Too many doctors have gotten into the habit of treating lab tests, not patients. And doctors have become super-specialized, each one focusing only on one specific organ system and the specIfic meds used to treat it.
Medical marvels are oversold and overbought. Doctors need to be more humble and safety-conscious. We can't overstep our knowlege base without putting our patients at risk. Patients and doctors need to accept the uncertainty and limits of medicine. False certainty leads to terrible decisions.
We did have Ritalin as a therapy for attentional problems in the 1960s; it simply wasn't dispensed as it is now. In the CDC's latest figures, 11 percent of all kids are diagnosed with ADHD, and a big chunk of those diagnoses were made before age six.
Spend at least as much effort ensuring you have the right diagnosis as you would in buying a house. Become a fully informed consumer, ask lots of questions, and expect clear and convincing answers from any clinician.
Patients come into doctors' offices asking for something they've seen on TV. Big pharma's advertising blitz, coupled with its aggressive marketing to physicians (who all too often are readily seduced to prescribe), results in the ever-increasing number of prescriptions offered to patients.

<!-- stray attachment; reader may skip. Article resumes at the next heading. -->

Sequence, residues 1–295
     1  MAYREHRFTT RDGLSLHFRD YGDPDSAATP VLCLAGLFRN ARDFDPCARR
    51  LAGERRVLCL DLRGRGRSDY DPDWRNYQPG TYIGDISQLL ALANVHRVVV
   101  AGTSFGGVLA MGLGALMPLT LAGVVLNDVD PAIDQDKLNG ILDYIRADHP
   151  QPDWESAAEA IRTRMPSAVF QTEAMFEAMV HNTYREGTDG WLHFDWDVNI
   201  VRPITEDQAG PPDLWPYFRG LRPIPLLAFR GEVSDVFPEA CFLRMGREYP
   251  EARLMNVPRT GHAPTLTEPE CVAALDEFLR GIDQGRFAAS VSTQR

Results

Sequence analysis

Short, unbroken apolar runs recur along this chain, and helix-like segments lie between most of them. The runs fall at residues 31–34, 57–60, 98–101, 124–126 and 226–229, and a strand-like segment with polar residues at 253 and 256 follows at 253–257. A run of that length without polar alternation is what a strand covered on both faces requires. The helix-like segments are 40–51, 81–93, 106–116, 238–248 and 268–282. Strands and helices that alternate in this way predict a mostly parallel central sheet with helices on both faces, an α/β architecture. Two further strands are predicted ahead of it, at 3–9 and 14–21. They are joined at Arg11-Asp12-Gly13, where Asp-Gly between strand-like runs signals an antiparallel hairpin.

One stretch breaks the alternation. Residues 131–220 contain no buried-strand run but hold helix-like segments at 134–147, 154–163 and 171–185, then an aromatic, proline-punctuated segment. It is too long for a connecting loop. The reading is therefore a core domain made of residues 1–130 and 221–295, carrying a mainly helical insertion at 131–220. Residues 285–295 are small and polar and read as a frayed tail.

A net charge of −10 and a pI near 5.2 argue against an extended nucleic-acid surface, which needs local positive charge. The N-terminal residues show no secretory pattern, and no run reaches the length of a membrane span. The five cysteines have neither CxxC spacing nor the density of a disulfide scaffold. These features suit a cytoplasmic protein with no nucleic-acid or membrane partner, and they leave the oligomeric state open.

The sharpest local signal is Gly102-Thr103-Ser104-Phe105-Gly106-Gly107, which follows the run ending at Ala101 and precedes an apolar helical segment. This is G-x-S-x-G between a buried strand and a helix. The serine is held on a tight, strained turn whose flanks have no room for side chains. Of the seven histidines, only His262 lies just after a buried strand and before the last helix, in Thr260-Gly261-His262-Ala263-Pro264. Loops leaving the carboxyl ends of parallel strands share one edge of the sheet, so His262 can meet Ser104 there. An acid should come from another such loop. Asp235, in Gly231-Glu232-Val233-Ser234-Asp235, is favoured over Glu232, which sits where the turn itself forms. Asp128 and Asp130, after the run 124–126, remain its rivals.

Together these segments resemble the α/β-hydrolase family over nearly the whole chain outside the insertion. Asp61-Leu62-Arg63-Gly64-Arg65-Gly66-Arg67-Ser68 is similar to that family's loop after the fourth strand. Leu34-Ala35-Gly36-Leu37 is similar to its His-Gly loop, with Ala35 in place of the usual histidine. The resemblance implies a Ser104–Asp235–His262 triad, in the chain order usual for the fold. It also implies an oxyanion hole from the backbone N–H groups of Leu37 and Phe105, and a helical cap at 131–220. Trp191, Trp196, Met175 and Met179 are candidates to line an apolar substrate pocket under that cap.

We are spending tens of billions of dollars plying the worried well with unnecessary and expensive drugs; while at the very same time ignoring the desperate needs of those who really could benefit from psychiatric diagnosis and treatment.
Unfortunately, DSM 5 will make the current problems with mislabeling much worse. Its new proposals (with the possible exception of autism) all cast a wider diagnostic net that will lead to much looser and less accurate diagnosis.
The new initiative by nine medical specialty groups to reduce unneeded diagnostic testing and treatment recognizes that many medical tests and procedures are not only wasteful, but also cause more harm than good.
Originally called 'psychosis risk,' it is now repackaged more modestly as 'attenuated psychotic symptoms.' However named or renamed, this is a dangerous idea with little benefit and extremely risky, unintended consequences.
ADD has clearly become a public health problem. It is much less clear the degree to which the increased rates are real vs. being a manufactured fad. We have no definitive way to give precise weights to the three options or to determine what is the true rate of ADD.
You are cordially invited and sincerely encouraged to declare one day a diagnosis free day. (It's not as simple as it may sound.) During the period of twenty-four hours, diagnosis of any kind is denied admission into your evaluation of yourself and others.